A proper level of slope is needed on horizontal roofs where little to no slope seems to exist, according to the view of the naked eye. In reality, most flat-roofed buildings have some type of slope to ensure proper drainage. Without this slight sloping effect, the weight of the water would become too great during rain storms and the roof would collapse under the weight. A typical roof slope for proper drainage will be approximately 1/4 inch for every 12 inches of roof.
The proper level of slope is necessary when drain pipes are constructed to run horizontally along the side of building before connecting to a vertical drain pipe. This will prevent the water from building up in the drain pipe and either overflowing from the side of the building or possibly building up on the roof area. This is especially true of roofs where all four walls of the building extend above roof level, creating a flat enclosed roof surface.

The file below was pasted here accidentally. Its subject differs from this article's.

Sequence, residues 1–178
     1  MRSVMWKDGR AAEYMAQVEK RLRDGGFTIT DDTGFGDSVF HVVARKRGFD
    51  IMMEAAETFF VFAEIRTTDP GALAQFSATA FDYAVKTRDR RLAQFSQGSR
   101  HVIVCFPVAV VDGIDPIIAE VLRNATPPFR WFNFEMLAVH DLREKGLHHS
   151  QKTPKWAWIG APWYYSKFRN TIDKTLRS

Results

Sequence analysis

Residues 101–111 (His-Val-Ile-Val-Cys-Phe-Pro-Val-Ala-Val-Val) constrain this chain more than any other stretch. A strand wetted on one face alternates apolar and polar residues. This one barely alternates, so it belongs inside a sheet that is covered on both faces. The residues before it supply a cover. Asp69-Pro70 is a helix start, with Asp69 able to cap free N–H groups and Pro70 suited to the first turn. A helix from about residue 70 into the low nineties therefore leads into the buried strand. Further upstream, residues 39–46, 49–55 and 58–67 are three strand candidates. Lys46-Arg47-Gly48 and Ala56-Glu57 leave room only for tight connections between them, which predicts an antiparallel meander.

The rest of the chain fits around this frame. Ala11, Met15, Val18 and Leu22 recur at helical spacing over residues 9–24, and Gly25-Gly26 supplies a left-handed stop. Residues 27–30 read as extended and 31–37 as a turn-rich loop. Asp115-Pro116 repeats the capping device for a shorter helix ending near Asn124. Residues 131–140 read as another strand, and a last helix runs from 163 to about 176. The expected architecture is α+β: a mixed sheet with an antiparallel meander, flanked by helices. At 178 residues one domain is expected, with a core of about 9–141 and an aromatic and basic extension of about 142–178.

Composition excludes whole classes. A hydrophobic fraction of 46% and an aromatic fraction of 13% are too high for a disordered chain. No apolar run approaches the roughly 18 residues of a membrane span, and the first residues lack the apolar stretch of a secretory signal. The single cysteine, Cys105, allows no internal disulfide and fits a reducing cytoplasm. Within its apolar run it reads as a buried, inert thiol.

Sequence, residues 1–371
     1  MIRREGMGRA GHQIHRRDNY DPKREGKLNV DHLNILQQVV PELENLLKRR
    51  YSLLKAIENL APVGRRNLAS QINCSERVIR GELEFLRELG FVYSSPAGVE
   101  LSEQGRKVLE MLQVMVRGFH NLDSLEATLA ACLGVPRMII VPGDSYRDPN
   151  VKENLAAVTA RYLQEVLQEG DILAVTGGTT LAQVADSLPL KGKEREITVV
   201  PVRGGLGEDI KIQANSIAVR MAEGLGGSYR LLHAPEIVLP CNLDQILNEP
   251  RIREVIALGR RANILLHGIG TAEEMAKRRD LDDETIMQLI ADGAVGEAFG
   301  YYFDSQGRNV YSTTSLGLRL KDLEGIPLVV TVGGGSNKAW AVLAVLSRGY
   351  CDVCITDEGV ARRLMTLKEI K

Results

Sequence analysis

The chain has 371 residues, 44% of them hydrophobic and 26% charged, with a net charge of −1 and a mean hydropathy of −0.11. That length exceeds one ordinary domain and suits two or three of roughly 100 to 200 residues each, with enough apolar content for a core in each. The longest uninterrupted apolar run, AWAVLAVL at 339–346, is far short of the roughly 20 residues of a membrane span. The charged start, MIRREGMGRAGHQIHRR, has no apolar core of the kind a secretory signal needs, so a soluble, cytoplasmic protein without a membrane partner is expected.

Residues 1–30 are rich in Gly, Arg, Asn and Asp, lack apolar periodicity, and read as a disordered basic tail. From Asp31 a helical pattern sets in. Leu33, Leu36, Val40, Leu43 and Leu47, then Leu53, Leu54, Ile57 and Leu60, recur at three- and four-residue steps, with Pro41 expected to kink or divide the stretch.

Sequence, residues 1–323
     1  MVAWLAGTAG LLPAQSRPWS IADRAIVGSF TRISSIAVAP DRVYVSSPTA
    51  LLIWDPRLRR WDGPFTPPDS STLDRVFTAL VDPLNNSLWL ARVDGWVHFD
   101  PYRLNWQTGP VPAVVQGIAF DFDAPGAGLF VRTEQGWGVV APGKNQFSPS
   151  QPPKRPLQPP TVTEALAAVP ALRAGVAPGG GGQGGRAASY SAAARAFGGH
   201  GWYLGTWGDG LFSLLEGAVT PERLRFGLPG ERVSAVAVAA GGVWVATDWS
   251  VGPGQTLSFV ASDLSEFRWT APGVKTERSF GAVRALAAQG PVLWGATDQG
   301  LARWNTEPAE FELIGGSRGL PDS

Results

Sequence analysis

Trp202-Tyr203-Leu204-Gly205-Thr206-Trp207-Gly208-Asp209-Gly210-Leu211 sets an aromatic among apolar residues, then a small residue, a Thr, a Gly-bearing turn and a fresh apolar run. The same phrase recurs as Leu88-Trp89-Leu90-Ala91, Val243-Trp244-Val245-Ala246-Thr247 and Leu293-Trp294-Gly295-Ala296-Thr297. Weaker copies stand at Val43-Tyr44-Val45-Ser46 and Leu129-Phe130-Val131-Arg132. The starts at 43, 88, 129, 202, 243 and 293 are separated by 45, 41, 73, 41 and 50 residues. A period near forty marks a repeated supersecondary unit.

The slope for horizontal piping can be made based on two primary factors. The first of these is the square footage of the roof itself. The larger the square footage of the roof, the greater the slope. The second consideration to take into account is the size of the pipe being used. As the size of the pipe goes up, so too does the capacity to hold more water at one time, thus creating the need for a greater level of slope to drain the water off faster.
The capacity of pipes often differ and this plays a role in determining how much slope is needed. The city of San Diego requires that roofs be sloped based on the roof's square footage and the size of the pipe. For instance, a roof that is 1,028 sq. ft. and is drained by a 3-inch diameter pipe only needs a 1/8-inch slope. However, a roof that is double that size at 2,055 square feet will require a 1/2-inch slope with just 3-inch pipes. By contrast though, a larger roof with a square footage of 2,350 will only require a 1/8-inch slope if the the pipe size is increased to a 4-inch diameter. A half inch slope is required for a roof double that size.